It means "don't echo this command on the output." So this rule is saying "execute the shell command
: and don't echo the output.
Of course the shell command
: is a no-op, so this is saying "do nothing, and don't tell."
The trick here is that you've got an obscure combination of two different syntaxes. The make(1) syntax is the use of an action starting with @, which is simply not to echo the command. So a rule like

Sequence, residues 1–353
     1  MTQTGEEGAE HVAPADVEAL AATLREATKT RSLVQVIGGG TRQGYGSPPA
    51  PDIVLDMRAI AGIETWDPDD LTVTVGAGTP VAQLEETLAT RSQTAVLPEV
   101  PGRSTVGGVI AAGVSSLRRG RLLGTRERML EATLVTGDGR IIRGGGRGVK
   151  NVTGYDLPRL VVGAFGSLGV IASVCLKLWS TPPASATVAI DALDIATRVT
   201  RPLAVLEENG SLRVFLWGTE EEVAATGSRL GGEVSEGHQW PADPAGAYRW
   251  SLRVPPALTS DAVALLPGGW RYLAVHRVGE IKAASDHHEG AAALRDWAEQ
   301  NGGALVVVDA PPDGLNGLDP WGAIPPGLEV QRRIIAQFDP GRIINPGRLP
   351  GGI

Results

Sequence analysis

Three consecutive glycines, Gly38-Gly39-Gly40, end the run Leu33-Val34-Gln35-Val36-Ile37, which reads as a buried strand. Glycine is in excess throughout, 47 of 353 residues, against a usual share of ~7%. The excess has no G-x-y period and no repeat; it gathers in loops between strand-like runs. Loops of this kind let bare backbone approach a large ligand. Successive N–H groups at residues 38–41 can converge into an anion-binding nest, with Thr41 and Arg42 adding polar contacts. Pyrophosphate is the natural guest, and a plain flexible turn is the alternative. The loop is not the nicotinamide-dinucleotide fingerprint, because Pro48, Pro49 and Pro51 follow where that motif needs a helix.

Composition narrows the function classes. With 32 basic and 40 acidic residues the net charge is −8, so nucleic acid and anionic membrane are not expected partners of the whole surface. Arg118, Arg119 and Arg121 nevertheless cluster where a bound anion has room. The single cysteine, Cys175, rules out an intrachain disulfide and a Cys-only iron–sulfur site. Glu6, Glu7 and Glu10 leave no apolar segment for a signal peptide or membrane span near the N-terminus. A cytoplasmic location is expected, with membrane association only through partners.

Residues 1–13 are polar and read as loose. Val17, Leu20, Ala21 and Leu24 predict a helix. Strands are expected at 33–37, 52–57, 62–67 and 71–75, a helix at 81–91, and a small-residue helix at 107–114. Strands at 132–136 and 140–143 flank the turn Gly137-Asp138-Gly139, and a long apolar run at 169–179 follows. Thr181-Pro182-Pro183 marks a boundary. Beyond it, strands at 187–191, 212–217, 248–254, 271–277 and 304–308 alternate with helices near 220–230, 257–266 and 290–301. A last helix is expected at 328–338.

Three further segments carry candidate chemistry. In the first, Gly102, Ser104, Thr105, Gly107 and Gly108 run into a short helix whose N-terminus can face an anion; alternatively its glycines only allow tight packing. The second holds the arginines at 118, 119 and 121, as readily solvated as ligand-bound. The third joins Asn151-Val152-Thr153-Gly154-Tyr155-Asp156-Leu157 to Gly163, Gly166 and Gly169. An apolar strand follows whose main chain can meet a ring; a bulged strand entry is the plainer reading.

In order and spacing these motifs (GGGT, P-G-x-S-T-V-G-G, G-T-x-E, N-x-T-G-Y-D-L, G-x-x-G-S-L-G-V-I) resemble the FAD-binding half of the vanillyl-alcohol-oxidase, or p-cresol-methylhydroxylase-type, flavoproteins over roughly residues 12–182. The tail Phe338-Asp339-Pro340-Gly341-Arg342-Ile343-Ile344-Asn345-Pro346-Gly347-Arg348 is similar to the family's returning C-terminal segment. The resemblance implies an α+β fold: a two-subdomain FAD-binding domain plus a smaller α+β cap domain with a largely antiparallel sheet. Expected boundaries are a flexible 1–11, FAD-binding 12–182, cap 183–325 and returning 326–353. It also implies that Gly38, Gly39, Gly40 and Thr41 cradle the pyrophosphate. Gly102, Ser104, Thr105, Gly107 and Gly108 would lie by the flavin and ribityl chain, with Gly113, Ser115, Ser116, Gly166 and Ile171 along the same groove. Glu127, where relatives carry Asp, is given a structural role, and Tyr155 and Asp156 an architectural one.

always: @echo this always happens
echo this always happens this always happens
Now, the action part of a rule can be any shell command, including
:. Bash help explains this as well as anywhere:
$ help : :: : Null command. No effect; the command does nothing. Exit Status: Always succeeds.